In search of love, absolution, or forgiveness, Charles Boatman leaves the Fraser Valley of British Columbia and returns mysteriously to Vietnam, the country where he fought twenty-nine years earlier as a young, reluctant soldier. But his new encounters seem irreconcilable with his memories.
When he disappears, his daughter Ada, and her brother, Jon, travel to Vietnam, to the streets of Danang and beyond, to search for him. Their quest takes them into the heart of a country that is at once incomprehensible, impassive, and beautiful. Chasing her father’s shadow for weeks, following slim leads, Ada feels increasingly hopeless. Yet while Jon slips into the urban nightlife to avoid what he most fears, Ada finds herself growing closer to her missing father — and strong enough to forgive him and bear the heartbreaking truth of his long-kept secret.
Bergen’s marvellously drawn characters include Lieutenant Dat, the police officer who tries to seduce Ada by withholding information; the boy Yen, an orphan, who follows Ada and claims to be her guide; Jack Gouds, an American expatriate and self-styled missionary; his strong-willed and unhappy wife, Elaine, whose desperate encounters with Charles in the days before his disappearance will always haunt her; and Hoang Vu, the artist and philosopher who will teach Ada about the complexity of love and betrayal. We also come to learn about the reclusive author Dang Tho, whose famous wartime novel pulls at Charles in ways he can’t explain.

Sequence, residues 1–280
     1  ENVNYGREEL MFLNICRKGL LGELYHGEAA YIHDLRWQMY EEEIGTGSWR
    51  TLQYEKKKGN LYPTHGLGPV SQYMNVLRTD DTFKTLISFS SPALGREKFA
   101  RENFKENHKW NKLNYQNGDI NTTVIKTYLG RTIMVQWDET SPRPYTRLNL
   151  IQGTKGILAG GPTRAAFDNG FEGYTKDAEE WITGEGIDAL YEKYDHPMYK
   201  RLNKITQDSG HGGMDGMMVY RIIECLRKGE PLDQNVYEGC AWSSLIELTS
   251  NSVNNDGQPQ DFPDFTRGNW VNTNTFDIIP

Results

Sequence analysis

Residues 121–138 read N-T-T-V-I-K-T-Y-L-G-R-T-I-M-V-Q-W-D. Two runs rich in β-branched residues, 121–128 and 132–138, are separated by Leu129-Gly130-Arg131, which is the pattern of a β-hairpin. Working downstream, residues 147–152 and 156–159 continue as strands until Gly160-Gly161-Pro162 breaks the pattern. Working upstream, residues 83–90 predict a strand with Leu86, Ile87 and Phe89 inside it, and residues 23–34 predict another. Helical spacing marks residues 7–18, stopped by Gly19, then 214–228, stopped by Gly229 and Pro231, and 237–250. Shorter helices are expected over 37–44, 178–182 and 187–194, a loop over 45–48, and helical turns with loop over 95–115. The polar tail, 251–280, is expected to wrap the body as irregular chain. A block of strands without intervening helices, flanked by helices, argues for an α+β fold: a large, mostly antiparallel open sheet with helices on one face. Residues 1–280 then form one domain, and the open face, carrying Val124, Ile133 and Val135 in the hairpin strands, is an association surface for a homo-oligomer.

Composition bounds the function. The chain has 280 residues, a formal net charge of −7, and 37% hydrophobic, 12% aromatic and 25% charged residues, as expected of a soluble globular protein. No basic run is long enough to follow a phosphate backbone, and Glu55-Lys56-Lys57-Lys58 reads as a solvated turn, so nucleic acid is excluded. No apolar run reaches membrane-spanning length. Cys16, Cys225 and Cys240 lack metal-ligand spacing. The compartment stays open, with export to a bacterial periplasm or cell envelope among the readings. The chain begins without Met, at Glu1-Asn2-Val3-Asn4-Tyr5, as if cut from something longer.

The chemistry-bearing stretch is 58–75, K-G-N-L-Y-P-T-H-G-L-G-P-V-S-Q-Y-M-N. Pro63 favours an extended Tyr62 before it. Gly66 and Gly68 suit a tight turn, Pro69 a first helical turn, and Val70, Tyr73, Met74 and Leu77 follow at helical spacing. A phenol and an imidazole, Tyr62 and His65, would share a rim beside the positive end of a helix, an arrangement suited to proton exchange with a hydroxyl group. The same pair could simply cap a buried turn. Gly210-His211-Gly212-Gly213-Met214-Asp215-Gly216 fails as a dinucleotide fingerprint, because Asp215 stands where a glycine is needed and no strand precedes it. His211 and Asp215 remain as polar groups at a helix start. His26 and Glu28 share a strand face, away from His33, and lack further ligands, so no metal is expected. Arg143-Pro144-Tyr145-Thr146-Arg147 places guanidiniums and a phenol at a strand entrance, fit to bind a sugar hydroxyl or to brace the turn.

Moving between father and daughter, the present and the past,The Time in Between is a luminous, unforgettable novel about one family, two cultures, and a profound emotional journey in search of elusive answers.
I didn’t like this book much, I had a hard time connecting to the characters and I still don’t care about them because there was no character development, they all felt somewhat uninteresting, there was nothing special concerning them, they were not deep even Ada, Charles and John Boatman who are the main characters.
The pace was really slow and the plot was practically none existent, I was not engrossed in the story, there was nothing really catchy or something that will keep me thinking about The Time in Between for a while, also I was not a big fan of the ending, it didn’t tie the story, everything was kept in the open, it did not satisfy me but maybe that’s how David Bergen wanted it to be.
In a way I liked Bergen’s writing style, I don’t know but it spoke to me, his words flow in an easy way. Overall his writing is beautiful. I found it interesting to learn a few things about Vietnam and the way he portrayed the difference between Vietnamese and Americans/Canadians.
Overall I enjoyed reading the first part of the book, so the second part and the ending made me lower my rating. However I look forward to reading more of Bergen’s works because I really liked the way he writes, I just didn’t enjoy this book.